Mild Cognitive Impairment (MCI) is a clinical diagnosis that some may refer to as “pre-Alzheimer’s,” though this is not always the case. A person may be diagnosed with MCI when they are experiencing cognitive decline severe enough to notice, but not severe enough to affect their ability to carry out everyday activities. Mayo Clinic describes MCI as, “the stage between the expected decline of normal aging and the more serious decline of dementia.”
Some symptoms of MCI include:
- Forgetting things more often
- Forgetting important events like appointments
- Difficulty finding the right words or following a train of thought
- Feeling increasingly overwhelmed with decisions and planning
It is important to remember that our brain changes (along with the rest of our bodies) as we get older, so there will be changes we notice. It may take longer to think of a word, or you may have more difficulty remembering where you put your keys or remote. However, like Alzheimer’s, the changes experienced in MCI are more severe than “normal aging.”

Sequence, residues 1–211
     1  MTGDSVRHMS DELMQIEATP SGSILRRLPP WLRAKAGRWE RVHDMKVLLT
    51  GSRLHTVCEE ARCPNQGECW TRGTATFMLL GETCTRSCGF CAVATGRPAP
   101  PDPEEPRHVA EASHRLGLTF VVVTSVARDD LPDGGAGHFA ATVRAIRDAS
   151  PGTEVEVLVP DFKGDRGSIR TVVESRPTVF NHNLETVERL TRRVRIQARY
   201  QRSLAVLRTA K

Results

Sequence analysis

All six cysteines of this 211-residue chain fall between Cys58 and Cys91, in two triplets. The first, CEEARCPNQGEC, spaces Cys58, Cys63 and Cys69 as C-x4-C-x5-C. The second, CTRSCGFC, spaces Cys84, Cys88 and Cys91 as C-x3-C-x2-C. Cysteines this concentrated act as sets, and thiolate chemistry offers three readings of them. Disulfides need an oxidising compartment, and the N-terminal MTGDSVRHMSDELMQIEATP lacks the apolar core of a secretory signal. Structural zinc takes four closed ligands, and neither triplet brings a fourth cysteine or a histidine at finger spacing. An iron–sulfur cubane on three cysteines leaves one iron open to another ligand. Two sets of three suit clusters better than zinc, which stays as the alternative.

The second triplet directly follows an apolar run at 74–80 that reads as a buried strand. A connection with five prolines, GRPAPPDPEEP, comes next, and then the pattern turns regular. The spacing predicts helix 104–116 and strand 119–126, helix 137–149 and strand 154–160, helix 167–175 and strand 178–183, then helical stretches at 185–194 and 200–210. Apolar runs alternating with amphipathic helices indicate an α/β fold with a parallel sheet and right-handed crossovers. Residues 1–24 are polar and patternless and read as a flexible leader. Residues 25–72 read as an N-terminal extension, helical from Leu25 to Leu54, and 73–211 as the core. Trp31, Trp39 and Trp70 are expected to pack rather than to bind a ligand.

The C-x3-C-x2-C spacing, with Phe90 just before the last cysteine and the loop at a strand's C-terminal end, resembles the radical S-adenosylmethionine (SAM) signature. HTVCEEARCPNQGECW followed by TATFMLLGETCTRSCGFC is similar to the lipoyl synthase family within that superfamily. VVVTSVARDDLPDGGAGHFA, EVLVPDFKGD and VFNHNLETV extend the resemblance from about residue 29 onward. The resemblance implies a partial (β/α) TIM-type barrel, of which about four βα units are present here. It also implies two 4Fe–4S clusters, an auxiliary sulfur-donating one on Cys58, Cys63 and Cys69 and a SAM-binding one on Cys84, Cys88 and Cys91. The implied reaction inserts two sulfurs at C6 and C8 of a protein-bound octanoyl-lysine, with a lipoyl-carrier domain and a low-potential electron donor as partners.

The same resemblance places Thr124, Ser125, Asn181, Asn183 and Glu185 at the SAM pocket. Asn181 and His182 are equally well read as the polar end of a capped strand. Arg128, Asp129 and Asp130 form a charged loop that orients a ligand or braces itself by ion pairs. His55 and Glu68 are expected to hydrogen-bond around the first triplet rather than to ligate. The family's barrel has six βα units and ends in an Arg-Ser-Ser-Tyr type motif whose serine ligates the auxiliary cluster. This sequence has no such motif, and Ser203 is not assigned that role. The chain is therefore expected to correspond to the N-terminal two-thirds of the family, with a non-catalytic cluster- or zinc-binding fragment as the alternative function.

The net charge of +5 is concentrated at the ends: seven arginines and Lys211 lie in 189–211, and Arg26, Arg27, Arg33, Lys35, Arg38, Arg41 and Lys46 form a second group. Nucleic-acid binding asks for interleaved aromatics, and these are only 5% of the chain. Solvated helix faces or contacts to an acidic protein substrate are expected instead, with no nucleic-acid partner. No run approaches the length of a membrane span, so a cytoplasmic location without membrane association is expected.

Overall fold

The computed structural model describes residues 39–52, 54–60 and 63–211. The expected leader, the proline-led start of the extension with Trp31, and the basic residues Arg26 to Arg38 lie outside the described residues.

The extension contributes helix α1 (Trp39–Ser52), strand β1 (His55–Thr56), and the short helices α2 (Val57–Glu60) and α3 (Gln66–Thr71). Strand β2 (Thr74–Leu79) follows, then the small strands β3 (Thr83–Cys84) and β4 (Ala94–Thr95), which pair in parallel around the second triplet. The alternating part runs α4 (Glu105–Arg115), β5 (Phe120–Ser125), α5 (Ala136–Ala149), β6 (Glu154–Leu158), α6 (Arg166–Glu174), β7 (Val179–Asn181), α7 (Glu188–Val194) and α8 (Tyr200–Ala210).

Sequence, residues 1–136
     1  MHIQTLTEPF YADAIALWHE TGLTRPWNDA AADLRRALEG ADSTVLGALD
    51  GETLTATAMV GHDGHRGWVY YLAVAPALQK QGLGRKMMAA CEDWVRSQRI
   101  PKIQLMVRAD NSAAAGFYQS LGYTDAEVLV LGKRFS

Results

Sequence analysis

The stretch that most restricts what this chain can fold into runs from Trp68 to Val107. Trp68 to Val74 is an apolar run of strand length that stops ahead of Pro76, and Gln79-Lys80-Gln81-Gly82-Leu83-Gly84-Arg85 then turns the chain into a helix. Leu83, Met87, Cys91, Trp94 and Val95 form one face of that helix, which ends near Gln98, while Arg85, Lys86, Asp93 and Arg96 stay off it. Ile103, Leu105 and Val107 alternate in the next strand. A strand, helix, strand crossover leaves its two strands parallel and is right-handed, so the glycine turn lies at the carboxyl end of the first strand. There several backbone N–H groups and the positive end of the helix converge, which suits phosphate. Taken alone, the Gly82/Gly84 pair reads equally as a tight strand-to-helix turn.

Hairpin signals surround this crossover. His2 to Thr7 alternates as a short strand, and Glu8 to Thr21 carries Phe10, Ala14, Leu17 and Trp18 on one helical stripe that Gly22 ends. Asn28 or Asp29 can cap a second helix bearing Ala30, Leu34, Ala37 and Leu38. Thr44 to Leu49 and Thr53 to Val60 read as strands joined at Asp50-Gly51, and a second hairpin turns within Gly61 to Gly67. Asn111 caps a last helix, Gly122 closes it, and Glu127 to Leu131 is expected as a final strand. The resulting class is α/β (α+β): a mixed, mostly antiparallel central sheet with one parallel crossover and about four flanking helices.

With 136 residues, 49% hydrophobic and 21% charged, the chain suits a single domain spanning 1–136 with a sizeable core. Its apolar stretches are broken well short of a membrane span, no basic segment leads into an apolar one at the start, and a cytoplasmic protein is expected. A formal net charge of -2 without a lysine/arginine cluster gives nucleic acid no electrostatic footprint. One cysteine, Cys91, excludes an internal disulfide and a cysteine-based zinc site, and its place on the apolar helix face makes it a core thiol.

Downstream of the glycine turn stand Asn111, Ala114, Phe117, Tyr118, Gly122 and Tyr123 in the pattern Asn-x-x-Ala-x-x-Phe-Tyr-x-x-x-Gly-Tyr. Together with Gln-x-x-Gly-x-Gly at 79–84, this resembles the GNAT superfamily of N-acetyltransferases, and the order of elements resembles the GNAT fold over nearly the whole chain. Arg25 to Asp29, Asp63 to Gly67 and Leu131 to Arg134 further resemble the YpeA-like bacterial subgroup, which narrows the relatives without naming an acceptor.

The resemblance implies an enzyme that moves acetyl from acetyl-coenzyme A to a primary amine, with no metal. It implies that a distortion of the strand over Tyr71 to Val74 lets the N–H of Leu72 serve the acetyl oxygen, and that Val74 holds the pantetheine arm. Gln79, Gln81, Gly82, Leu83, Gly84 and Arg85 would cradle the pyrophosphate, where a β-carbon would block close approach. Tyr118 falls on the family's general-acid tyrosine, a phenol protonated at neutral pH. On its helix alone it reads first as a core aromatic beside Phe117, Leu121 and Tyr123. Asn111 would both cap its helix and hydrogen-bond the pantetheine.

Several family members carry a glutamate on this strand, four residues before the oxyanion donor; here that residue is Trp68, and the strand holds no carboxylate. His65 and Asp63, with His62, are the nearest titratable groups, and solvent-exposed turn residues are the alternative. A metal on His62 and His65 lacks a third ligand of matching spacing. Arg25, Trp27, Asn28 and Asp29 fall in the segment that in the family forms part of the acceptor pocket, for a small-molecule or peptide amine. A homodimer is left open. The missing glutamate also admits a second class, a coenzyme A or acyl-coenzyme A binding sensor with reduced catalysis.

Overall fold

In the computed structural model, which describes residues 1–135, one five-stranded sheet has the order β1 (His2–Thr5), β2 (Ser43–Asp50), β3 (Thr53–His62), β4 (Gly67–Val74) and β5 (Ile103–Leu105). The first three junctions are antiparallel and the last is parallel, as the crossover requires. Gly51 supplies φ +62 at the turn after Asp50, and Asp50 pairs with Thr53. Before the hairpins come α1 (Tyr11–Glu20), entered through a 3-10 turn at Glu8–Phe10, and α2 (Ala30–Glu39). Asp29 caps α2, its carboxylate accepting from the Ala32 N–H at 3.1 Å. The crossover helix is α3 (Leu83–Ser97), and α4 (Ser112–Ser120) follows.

Many people diagnosed with MCI eventually go on to develop Alzheimer’s disease, but not all do! Some people with MCI never experience further decline in cognition and remain stable for many years. According to the National Institute of Health, 8 out of 10 people with MCI will go on to develop Alzheimer’s disease within 7 years of diagnosis.
The path to diagnosis of MCI is similar to that of Alzheimer’s disease or other dementias. Like any memory assessment, the physician will rule out any other medical causes of memory loss and cognitive decline. When other causes are ruled out, the physician can complete memory, language, and other cognitive testing to determine if a diagnosis of MCI is necessary. The physician may also take into account the input of close family members or friends to determine what changes they have noticed.
There are currently no treatments with evidence to slow down or prevent MCI from developing into Alzheimer’s disease. There are some approved medications for Alzheimer’s disease, but again, these do not slow down the progression. These medications are not a recommended approach for treatment of MCI specifically at this moment in time.
Risk factors for MCI are similar to that of Alzheimer’s disease. Though genetics can play a role, there are many lifestyle factors such as heart health, physical activity, nutrition, etc. that could impact a person’s risk of developing MCI. There are many current research studies focusing on MCI in an attempt to determine causes, treatments, and progression of the disease.